Lord Byron and Madame de Staël: Born for Opposition
Ashgate, 1999 - 210 pages
The British poet Lord Byron and the French writer Madame de Staël both made a great impact on a Europe in the throes of the Napoleonic Wars - through their personalities, the versions of themselves projected in their works, and their literary engagement with contemporary life. However, the strong links between them have never been explored in detail. This pioneering study looks at the two writers' personal relations, from their verbal sparring in Regency social life, through the friendship which developed in Switzerland after Byron left Britain in 1816, to Byron's tributes to Madame de Staël after her death. It concentrates on their literary links, both direct responses to each other's works, and copious evidence of shared concerns. Topics covered include the writers' treatment of gender, their grappling with the possibilities for 'heroic' endeavour, their engagement with the contrasting social and political situations in Britain, France and Italy, and their conception of the writer's role.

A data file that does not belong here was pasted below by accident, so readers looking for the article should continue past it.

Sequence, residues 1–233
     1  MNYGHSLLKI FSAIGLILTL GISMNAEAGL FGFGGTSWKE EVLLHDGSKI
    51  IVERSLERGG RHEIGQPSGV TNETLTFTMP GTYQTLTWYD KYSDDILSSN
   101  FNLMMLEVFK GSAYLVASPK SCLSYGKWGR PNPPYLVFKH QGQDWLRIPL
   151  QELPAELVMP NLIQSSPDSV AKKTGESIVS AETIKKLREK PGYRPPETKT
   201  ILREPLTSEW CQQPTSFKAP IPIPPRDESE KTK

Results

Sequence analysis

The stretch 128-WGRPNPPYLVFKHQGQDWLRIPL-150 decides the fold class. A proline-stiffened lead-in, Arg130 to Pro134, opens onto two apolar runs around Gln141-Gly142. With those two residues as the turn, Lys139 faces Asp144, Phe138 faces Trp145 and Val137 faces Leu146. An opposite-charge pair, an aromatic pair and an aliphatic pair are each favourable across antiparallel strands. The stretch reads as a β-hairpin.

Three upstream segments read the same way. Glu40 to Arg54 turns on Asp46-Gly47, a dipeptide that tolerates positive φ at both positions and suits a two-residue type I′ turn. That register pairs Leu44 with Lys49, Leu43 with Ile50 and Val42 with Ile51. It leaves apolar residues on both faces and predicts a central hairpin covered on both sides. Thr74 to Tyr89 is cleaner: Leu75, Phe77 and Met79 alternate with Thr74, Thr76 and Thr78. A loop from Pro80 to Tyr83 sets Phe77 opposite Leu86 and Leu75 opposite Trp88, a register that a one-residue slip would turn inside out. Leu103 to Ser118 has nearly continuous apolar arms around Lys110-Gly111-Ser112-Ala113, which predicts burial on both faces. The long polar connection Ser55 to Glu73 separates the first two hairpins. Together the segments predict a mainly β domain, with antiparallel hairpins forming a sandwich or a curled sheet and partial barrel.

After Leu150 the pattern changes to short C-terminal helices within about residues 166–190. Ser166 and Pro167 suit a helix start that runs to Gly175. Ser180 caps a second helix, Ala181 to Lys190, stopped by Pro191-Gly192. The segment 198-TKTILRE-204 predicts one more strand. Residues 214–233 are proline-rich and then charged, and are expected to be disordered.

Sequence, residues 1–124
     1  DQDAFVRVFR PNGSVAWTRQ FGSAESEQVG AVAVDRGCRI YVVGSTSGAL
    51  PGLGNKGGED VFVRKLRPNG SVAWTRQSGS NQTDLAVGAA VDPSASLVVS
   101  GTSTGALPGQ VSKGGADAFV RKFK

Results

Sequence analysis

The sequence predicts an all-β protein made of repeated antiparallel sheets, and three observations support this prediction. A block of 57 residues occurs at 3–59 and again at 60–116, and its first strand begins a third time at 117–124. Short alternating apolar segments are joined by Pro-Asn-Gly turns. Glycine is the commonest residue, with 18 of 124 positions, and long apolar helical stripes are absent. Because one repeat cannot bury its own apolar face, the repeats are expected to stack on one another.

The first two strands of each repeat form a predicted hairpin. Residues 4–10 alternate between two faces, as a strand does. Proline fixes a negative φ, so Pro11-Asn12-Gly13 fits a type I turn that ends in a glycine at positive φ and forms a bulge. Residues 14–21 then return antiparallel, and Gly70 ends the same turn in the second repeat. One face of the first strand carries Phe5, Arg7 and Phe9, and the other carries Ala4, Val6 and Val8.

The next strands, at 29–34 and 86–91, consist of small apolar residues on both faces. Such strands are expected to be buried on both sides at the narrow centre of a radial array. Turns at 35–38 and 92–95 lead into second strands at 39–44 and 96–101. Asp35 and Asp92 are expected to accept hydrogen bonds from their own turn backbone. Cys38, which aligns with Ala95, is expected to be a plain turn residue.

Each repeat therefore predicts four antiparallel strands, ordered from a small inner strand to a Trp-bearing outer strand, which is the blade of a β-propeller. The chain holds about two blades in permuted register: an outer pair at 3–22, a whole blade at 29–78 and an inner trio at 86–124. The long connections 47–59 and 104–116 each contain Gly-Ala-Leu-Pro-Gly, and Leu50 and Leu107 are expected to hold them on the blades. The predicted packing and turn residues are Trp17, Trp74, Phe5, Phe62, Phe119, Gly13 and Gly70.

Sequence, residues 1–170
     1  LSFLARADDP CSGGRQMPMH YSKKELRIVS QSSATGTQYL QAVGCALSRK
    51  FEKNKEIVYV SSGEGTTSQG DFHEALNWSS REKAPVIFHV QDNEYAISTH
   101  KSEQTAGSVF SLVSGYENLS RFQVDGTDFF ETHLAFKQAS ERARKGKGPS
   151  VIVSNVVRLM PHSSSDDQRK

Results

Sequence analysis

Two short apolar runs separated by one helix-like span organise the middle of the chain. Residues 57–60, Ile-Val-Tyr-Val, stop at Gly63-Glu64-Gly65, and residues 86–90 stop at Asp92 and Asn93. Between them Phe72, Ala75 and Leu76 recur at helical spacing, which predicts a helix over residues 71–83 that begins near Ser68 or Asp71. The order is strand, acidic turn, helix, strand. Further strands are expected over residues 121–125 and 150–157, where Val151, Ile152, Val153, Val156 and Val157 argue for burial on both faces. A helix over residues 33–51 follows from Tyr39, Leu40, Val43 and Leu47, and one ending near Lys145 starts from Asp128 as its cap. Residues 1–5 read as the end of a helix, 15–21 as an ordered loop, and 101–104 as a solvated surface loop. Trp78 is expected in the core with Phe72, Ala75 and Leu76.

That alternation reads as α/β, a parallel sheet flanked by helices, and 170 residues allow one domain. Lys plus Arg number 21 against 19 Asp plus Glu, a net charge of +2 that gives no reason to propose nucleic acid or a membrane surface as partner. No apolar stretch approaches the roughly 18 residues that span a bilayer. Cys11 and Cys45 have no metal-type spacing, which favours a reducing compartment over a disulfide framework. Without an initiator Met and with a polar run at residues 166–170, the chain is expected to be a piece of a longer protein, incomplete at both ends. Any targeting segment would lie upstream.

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Their She Condition
Heroines and Heroes
Citizens of the World
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